But there’s another way of looking at health insurance which is probably more important, and that’s the intrinsic value to you.

Let’s say you insure your car, your house and your life (with death cover). You pay a certain premium to have this cover: you can’t do without your car, you need a place for you and your family to live, and if you should die, your spouse and kids would benefit from being able to pay-off large debts such as a mortgage. So you take the insurance.

Health insurance may be harder to quantify, but for many people the argument is similar: whatever else they save money on, they want to be able to take their kids to the dentist and have procedures done when they want or need them done.

In this second method of weighing the cost of health insurance, it really comes down to individuals and prioritising what the household can afford, rather than wondering if the premiums are rising too fast. I understand this motivation, but also remember that you can still have health insurance and — by shopping around — not pay too much.

Mark Bouris is executive chairman of wealth management and advice firm Yellow Brick Road.



GETTING older can literally be a pain in the neck. Apart from a few hale and very hearty souls, most people tend to get more aches and pains as their bodies age. It’s just what happens — sometimes regardless of how much carrot juice, kale or coconut water is consumed.

Many retirees who have private health insurance will have looked at switching providers, at some stage. Chances are that having looked, retirees have stayed put. It is mind numbingly difficult to compare providers. No two private health funds offer exactly the same services and price their products in exactly the same manner. It is a smorgasbord of services, rates, options, extras and more. So how do you work out which is better value and ensure you are not paying too much?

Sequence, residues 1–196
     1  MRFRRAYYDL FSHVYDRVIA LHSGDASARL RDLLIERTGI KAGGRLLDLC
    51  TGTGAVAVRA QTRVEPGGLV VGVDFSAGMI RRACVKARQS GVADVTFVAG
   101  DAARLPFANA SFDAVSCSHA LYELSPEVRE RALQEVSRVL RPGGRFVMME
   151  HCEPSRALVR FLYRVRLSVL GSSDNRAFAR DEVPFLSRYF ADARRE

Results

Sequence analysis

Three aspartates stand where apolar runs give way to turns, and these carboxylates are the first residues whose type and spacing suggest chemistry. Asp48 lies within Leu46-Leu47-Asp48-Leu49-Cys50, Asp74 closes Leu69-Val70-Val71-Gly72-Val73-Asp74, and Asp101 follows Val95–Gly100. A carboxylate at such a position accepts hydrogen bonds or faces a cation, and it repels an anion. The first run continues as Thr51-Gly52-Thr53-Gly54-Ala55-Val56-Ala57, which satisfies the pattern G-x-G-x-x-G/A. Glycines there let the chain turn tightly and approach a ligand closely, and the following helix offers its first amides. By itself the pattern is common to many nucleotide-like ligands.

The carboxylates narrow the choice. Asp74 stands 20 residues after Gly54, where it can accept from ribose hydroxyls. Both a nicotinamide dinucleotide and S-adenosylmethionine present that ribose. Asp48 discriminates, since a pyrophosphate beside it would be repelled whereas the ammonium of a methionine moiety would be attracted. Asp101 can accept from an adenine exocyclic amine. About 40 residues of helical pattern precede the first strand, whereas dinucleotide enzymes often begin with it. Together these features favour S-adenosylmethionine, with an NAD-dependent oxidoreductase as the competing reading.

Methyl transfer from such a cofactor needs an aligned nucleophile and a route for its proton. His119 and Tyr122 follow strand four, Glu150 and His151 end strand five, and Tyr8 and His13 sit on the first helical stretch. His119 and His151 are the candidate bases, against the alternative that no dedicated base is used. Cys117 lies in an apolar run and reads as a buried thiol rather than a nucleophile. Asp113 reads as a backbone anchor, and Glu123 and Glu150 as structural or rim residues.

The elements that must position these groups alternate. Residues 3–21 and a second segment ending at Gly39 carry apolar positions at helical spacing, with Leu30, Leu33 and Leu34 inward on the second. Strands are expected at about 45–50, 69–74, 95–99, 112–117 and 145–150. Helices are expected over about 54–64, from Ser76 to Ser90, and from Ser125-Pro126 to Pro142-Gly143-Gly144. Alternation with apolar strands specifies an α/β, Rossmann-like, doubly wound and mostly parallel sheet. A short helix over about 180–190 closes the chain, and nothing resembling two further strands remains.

Firstly, all Australians are able to receive free medical treatment at public hospitals. You don’t need to have private health insurance. However, if you don’t have private health insurance and your taxable income is over $90,000 (singles) and $180,000 (couples) then you will be liable for an extra 1 per cent Medicare Levy Surcharge. This rises to 1.5 per cent for taxable incomes over $140,000 (singles) and $280,000 (couples).

If you do have private health insurance, you need one that meets your needs the most. Cover for “extras” can add to the cost of the premiums. If you are prepared to pay for dental, optical, and physiotherapy services yourself, most providers have a hospital only cover. Many policies also have the option to pay an excess. This means that you pay an upfront fee for any hospital admission. Frequently, the premiums are less, the higher the excess.

You need to look carefully at the types of medical services you have been using in the past, but also most importantly for retirees, what you are likely to need and what you want going forward.

Kerrin Falconer is a finance writer and has worked in the financial services industry for 18 years.


News Corp Australia’s moneysaverHQ in conjunction with consumer movement One Big Switch has launched the Big Health Insurance Switch this week to help drive down the cost of premiums.

Over the next four weeks, One Big Switch will use the combined buying power of consumers who sign up to the campaign to unlock an exclusive health insurance offer. Already 25,000 have signed on.

OBS spokesman Joel Gibson said the latest rise will hit consumers hard as it follows a constant wave of “year-on-year increases.”

“It’s no surprise people are dropping their cover or reducing their cover or increasing their excess and doing anything they can do to cope with these repeated price rises,’’ he says.

Gibson is urging Australians to sign up to the free campaign and is hoping more than 40,000 will do so to help secure a better deal.

If you register there is no obligation to take up the offer.

For more details about the Big Health Insurance Switch campaign visit News Corp Australia and One Big Switch will earn a commission from people who accept an offer.